I think the idea I mentioned recently on my journal of a “distributed” OTW Con (a bunch of smaller cons at disparate locations networked together) would be a great outreach opportunity. I’ve only just started thinking about this, but here are some ideas: take as the theme the diversity of fandom, have showpiece opportunities for different fannish communities and have each con actively invite presenters from different communities/traditions; spotlight each geographically separated con in turn.
I also think the archive is going to be our best gateway drug for the org for people who might not have been sold up to now, and a great way to recruit is with the gentle touch of identifying killer archive features for different communities and providing those killer features.
As an example, one of the big things that I’ve seen repeatedly in comments from anime & manga fans in particular is that the look of the archive turns them off. So as lim and I have been reworking the archive front end (which had to be done for accessibility and maintainability reasons also), we have also worked to radically improve skinning flexibility and long-term support, as well as making skins available for not-logged-in users, and this is rolling out any minute now. (In fact I’ll have a sample manga skin screenshot up on my journal shortly. :D)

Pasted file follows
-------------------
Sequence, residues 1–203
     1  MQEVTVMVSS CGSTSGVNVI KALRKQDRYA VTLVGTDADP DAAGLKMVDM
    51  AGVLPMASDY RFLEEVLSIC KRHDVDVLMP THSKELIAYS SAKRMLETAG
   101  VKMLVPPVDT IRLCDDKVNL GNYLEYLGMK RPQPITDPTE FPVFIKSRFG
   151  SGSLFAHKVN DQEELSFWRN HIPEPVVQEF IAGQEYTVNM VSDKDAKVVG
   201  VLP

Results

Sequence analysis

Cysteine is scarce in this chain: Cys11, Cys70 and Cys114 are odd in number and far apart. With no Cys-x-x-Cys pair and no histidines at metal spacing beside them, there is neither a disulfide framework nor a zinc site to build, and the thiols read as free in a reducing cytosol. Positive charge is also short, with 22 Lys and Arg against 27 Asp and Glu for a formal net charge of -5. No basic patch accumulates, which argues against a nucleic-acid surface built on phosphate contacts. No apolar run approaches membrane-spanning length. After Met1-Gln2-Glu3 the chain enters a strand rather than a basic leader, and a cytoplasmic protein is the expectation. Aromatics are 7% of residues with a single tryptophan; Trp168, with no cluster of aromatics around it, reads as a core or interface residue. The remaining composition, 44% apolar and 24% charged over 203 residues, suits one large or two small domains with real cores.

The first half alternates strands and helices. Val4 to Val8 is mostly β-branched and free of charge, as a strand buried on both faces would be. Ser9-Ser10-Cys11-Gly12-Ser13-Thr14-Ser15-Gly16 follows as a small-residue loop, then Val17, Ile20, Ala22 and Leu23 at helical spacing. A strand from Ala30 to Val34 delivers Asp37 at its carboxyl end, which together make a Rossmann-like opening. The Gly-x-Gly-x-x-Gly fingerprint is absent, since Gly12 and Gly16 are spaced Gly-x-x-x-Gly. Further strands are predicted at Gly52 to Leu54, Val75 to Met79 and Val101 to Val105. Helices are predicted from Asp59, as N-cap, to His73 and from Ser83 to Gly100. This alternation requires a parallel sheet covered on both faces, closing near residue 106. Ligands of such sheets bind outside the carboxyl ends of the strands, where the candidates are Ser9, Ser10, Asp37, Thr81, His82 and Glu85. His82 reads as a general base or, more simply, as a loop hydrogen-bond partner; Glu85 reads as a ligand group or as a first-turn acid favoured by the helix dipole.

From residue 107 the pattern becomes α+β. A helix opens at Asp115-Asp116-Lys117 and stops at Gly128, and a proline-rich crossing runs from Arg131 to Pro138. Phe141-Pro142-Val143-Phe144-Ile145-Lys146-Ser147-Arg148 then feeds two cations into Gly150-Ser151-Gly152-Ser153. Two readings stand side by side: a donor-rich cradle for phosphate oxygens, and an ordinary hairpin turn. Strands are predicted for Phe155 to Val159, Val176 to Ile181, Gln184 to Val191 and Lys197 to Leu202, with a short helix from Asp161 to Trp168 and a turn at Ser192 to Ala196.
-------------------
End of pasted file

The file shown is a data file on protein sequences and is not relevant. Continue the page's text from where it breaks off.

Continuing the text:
Another concept I’ve drafted for ADT (still early) is for a private-messaging system in the archive that could also be used by the roleplaying community, where chats could easily be polished-up and edited into actual works. (Would also hopefully be useful for beta-while-you-write, round robins, similar things.)
(Also although I stress this isn’t my own work, I want to mention for those who have been waiting for this one, that coder rebecca2525 is FINALLY making our translation feature happen. For those who don’t know, we have tried I think — four? times now to build translation systems. They have all collapsed in smouldering ruins for tldr technical reasons, but we finally hope to see this one early in the new year. Once we have that, that creates a lot of new opportunities for International & Outreach and for opening the archive to broader participation.)